Irene is the latest hurricane name to be retired

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  • <B>The damage caused by Hurricane Irene to route 12 on Hatteras Island, North Carolina in August of 2011. Hurricane Irene swept through the area cutting the roadway in five locations. Irene was also blamed for at least 11 deaths.</B>

    The damage caused by Hurricane Irene to route 12 on Hatteras Island, North Carolina in August of 2011. Hurricane Irene swept through the area cutting the roadway in five locations. Irene was also blamed for at least 11 deaths.

  • This satellite image provided by NOAA and taken at 12:45 GMT Friday Aug. 26, 2011 shows Hurricane Irene as it moves northward along the U.S. eastern coastline with 110 mph sustained winds. Hurricane Irene began lashing the East Coast with rain Friday ahead of a weekend of violent weather that was almost certain to heap punishment on a vast stretch of shoreline from the Carolinas to Massachusetts. (AP Photo/NOAA)

    This satellite image provided by NOAA and taken at 12:45 GMT Friday Aug. 26, 2011 shows Hurricane Irene as it moves northward along the U.S. eastern coastline with 110 mph sustained winds. Hurricane Irene began lashing the East Coast with rain Friday ahead of a weekend of violent weather that was almost certain to heap punishment on a vast stretch of shoreline from the Carolinas to Massachusetts. (AP Photo/NOAA)


Irene has been retired from the official list of Atlantic Basin tropical storm names by the World Meteorological Organization’s (WMO) hurricane committee because of the fatalities and damage it caused in August, 2011 and will be replaced by Irma.

Storm names are reused every six years for both the Atlantic Basin and eastern North Pacific Basin, unless retired for causing a considerable amount of casualties or damage. Irene is the 76th name to be retired from the Atlantic list since 1954.

Fabian, which struck Bermuda in 2003, has also been retired.

Irene became a hurricane on August 22 and intensified to a Category 3 hurricane on the Saffir-Simpson Hurricane Wind Scale on August 24 while centred between Mayaguana and Grand Inagua in the Bahamas. It gradually weakened after crossing the Bahamas, making landfall in North Carolina on August 27 as a Category 1 hurricane. Irene made another landfall the next day as a tropical storm very near Atlantic City, New Jersey. The centre moved over Coney Island and Manhattan, New York, the same day.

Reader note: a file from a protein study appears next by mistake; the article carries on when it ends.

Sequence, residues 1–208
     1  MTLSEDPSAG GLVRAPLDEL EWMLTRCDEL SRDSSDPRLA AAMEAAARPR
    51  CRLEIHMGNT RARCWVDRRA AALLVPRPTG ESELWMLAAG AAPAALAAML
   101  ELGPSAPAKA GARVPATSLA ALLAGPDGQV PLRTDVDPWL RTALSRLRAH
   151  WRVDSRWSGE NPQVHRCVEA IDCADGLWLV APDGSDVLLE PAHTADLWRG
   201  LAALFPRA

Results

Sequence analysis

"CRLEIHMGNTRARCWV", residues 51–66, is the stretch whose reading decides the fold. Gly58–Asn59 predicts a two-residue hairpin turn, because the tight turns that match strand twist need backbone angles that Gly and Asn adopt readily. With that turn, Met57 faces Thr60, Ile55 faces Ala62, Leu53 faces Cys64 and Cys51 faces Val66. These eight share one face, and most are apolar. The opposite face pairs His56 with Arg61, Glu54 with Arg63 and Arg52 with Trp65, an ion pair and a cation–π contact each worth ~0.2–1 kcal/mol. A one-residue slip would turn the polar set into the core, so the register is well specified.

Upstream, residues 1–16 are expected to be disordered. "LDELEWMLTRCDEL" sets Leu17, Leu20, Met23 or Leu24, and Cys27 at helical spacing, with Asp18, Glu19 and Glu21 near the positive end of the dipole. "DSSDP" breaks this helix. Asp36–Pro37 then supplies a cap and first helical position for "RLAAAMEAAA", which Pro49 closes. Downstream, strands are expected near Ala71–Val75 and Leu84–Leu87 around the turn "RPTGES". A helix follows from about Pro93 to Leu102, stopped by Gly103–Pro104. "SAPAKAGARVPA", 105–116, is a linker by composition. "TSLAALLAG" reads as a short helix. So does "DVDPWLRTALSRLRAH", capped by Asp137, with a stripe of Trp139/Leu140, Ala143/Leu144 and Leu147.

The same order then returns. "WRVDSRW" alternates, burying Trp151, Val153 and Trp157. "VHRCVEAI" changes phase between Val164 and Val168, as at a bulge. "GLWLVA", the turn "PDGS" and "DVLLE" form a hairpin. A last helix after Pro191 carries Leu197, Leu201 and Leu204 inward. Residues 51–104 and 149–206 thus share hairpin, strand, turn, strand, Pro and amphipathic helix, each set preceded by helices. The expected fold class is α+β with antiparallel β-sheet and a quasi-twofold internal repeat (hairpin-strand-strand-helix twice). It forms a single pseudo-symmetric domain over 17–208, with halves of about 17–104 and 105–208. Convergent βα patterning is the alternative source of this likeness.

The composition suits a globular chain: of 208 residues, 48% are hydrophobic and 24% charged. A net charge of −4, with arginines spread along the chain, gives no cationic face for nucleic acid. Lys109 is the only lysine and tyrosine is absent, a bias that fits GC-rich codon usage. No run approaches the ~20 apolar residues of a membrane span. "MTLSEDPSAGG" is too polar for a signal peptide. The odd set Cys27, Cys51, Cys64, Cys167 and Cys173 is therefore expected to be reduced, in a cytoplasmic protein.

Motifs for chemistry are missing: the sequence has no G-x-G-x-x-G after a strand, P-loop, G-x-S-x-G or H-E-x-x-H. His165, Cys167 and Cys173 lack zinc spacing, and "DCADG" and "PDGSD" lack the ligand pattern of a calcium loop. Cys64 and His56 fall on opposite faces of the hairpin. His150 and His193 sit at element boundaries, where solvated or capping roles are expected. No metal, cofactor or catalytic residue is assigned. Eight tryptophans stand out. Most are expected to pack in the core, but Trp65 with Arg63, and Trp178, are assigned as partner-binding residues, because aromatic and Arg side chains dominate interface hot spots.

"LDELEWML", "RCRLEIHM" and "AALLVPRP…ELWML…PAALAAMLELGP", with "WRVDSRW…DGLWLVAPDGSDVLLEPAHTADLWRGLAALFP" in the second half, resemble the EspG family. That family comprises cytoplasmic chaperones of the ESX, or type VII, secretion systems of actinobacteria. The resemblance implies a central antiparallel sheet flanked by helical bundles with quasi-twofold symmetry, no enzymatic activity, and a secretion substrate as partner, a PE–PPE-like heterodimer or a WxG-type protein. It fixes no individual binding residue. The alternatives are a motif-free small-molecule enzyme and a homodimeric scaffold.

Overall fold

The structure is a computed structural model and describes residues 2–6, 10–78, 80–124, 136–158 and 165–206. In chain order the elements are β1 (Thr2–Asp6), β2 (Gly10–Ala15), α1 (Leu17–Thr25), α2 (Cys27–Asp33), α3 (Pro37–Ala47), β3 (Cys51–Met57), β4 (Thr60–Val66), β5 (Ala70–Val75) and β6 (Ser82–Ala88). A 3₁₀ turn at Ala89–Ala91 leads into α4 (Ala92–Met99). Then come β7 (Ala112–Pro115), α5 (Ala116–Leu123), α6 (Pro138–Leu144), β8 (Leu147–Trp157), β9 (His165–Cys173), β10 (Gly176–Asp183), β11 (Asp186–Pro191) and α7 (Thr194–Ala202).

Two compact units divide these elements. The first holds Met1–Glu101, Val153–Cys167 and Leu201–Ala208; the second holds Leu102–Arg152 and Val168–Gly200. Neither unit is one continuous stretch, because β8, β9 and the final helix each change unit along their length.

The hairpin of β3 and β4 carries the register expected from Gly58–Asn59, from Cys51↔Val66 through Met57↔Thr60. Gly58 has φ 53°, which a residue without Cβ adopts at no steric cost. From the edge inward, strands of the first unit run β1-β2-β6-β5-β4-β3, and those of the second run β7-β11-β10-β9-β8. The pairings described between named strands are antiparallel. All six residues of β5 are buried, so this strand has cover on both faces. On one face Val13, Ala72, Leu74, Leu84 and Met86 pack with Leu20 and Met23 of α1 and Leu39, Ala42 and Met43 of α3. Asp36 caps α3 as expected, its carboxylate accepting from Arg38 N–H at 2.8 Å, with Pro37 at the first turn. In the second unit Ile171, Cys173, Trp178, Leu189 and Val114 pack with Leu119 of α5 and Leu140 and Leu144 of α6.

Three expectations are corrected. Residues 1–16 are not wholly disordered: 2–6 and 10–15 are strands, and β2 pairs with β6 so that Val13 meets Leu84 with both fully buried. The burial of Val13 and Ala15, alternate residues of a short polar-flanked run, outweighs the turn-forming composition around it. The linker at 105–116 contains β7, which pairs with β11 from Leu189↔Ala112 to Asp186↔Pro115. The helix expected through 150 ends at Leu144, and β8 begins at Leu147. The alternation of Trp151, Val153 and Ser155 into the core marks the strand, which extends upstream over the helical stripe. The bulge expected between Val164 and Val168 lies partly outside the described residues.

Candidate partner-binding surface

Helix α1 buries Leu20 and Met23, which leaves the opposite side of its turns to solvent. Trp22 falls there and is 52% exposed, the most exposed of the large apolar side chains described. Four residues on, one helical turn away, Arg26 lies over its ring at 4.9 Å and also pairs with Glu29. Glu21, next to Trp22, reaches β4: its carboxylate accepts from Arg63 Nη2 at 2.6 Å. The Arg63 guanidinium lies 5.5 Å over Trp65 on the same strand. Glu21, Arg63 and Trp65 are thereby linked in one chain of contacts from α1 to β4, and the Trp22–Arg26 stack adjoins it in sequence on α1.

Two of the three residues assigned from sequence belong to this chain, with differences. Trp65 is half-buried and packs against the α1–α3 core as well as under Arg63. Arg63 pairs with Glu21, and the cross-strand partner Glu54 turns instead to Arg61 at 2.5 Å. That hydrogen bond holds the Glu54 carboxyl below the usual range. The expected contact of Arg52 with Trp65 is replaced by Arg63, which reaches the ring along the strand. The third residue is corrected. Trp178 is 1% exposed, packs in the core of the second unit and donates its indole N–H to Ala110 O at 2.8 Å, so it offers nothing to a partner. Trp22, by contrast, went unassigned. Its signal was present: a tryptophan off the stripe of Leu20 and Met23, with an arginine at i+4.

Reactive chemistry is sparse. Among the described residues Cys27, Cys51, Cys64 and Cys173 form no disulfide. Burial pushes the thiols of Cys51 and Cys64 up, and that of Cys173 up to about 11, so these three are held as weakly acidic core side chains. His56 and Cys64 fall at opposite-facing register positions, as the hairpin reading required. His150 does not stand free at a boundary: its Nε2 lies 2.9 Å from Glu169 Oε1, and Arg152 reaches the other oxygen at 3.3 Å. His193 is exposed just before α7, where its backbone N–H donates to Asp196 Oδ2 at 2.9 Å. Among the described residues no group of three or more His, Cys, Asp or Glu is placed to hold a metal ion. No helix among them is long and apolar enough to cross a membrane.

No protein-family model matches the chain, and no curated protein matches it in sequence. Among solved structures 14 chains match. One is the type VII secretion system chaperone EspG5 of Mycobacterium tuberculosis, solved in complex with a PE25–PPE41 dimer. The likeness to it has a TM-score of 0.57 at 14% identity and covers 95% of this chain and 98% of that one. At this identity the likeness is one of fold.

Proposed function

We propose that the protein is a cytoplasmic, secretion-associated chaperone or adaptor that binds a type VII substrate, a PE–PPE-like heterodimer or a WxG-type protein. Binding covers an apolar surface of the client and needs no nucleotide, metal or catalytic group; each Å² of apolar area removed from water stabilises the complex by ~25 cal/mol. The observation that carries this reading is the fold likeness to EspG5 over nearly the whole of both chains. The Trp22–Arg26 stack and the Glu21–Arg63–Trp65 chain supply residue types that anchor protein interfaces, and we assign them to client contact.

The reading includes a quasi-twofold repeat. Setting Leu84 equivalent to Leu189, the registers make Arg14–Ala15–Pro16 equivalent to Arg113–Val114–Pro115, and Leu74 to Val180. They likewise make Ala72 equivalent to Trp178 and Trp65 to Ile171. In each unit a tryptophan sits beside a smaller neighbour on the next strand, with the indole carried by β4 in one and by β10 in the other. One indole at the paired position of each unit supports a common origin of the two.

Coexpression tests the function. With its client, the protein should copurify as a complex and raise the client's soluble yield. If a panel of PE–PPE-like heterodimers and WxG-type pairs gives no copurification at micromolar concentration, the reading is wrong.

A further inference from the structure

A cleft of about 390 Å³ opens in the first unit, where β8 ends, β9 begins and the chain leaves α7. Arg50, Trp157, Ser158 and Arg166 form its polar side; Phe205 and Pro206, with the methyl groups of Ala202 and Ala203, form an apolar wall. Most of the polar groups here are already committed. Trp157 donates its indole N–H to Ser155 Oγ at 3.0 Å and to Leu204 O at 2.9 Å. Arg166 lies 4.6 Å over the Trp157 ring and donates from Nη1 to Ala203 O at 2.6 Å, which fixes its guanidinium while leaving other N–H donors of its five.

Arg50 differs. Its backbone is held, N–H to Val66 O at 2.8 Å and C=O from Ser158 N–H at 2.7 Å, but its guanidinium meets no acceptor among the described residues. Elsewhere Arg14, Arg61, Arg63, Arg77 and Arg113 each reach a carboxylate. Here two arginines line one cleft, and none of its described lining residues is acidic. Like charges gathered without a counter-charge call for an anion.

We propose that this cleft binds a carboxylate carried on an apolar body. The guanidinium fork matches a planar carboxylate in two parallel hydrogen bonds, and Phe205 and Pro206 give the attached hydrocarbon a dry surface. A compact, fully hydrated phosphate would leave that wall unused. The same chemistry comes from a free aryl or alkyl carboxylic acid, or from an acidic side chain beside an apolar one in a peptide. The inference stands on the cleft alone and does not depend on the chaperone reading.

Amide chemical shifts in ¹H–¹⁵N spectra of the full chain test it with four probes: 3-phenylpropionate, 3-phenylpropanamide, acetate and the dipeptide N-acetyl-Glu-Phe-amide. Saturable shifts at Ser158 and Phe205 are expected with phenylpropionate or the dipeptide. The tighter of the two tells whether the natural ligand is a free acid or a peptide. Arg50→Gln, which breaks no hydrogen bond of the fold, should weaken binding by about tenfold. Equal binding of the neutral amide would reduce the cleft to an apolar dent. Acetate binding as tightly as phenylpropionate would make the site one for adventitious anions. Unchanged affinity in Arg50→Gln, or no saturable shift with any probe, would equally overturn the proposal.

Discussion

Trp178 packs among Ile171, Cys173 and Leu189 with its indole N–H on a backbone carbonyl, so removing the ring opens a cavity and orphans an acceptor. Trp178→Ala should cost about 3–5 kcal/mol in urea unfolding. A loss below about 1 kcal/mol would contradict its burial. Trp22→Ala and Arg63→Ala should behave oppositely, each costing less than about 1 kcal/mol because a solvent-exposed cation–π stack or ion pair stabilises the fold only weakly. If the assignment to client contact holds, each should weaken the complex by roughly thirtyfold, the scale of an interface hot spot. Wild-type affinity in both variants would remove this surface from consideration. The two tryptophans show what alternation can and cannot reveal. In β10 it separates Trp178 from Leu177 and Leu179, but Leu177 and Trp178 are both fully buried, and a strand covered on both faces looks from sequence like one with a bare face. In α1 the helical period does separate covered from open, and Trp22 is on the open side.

Irene caused widespread damage across a large portion of the eastern United States as it moved north-northeastward, bringing significant effects from the mid-Atlantic through New England. The most severe impact of Irene was catastrophic inland flooding in New Jersey, New York, Massachusetts and Vermont.

Irene was directly responsible for 48 deaths: five in the Dominican Republic, three in Haiti, and 40 in the United States. For the United States, six deaths are attributed to storm surge/waves or rip currents,13 to wind, including falling trees, and 21 to rainfall-induced floods. Including flood losses, damage in the United States is estimated to be $15.8 billion.

Hurricanes that have a severe impact on lives or the economy are remembered generations after the devastation they caused, and some go into weather history. The National Hurricane Center near Miami, Florida, monitors tropical disturbances in the Atlantic and eastern Pacific Oceans which could become a hurricane.

Whenever a hurricane has had a major impact, any country affected by the storm can request that the name of the hurricane be “retired” by agreement of the World Meteorological Organization (WMO). Retiring a name actually means that it cannot be reused for at least 10 years, to facilitate historic references, legal actions, insurance claim activities, etc. and avoid public confusion with another storm of the same name. If that happens, a like gender name is selected in English, Spanish or French for Atlantic Storms.